Le Morte d'Arthur, often considered the first English novel, is an early version of the story of Camelot. The book is according, to Wikipedia, written in Middle English. Why, then, is the title of the book in French?

  • 1
    Relevant link. Also, I think in Malory's time French was still the language of the nobility in England?
    – Rand al'Thor
    Commented Jun 15, 2019 at 9:03
  • @Rand al'Thor—I'd guess most of them actually spoke English by then, but French was still the legal language of England when Mallory wrote, and it was still more prestigious. And how hard is it to understand the title "Le Morte d'Arthur"?
    – Peter Shor
    Commented Jun 15, 2019 at 17:46

1 Answer 1


We don't know very much about the life of Thomas Malory, but it is clear that Le Morte Darthur draws on French sources. For example, in "Capitulum tercium" (in the version printed by Caxton, which is available at the University of Michigan), Malory writes (emphasis mine),

Soo in the grettest chirch of london whether it were Powlis or not the Frensshe booke maketh no mencyon

Le Morte Darthur makes frequent references to "the Frensshe book". According to scholars, the sources used by Mallory include the following, not all of which are actually in French:

  • The "Alliterative Morthe Arthure, a 14th-century poem in English, which probably used the 12th-century Roman de Brut as a source. In spite of the French titles, both Morthe Arthure and Roman de Brut are in English.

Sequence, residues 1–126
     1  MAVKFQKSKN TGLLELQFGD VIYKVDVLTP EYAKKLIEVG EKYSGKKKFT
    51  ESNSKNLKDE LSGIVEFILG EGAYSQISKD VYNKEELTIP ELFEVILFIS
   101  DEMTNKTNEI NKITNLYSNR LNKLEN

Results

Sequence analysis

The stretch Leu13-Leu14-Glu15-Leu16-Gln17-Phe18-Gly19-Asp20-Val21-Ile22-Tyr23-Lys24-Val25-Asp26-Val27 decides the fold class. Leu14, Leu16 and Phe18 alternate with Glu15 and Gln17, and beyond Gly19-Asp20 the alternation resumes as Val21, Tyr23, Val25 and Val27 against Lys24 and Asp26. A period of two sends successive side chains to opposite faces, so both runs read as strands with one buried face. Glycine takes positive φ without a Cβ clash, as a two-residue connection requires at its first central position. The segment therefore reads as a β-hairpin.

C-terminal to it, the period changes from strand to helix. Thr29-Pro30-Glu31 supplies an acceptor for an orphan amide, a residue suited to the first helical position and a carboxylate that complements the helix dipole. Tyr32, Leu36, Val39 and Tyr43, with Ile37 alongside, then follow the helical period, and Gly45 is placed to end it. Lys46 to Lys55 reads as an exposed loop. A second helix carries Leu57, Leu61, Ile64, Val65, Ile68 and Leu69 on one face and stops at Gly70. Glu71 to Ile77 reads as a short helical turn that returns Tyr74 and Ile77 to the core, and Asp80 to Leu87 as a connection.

• The Suite du Merlin (also known as the Huth Merlin because it is contained in a manuscript at the British Library that is also known as the "Huth MS"), which is also in English. See Prose Merlin: Introduction by John Conlee.
  • The prose Vulgate Queste del Saint Graal (see also Lancelot-Grail, also known as Vulgate Cycle on Wikipedia).
  • The French Vulgate Morte Artu.
  • The 15th-century stanzaic Le Morte Arthur (in English).

Most (or all) of the Arthurian materials in French and English literature were influenced by the 12th-century French poet Chrétien de Troyes. Wikipedia also notes that

Private and commercial correspondence was carried out in Anglo-Norman or Anglo-French from the 13th to the 15th century though its spelling forms were often displaced by continental spellings. Social classes other than the nobility became keen to learn French: manuscripts containing materials for instructing non-native speakers still exist, dating mostly from the late 14th century onwards.

So Malory probably chose a French title for two reasons: French sources and familiarity with either French or Anglo-French in part of the English population.

Sources not linked or listed above:

  • Stephen Coote: The Penguin Short History of English Literature. London: Penguin, 1993. (Page 50)
  • Margaret Drabble (editor): The Oxford Companion to English Literature. Revised edition. Oxford: Oxford University Press, 1995.

Your Answer

By clicking “Post Your Answer”, you agree to our terms of service and acknowledge you have read our privacy policy.

Not the answer you're looking for? Browse other questions tagged or ask your own question.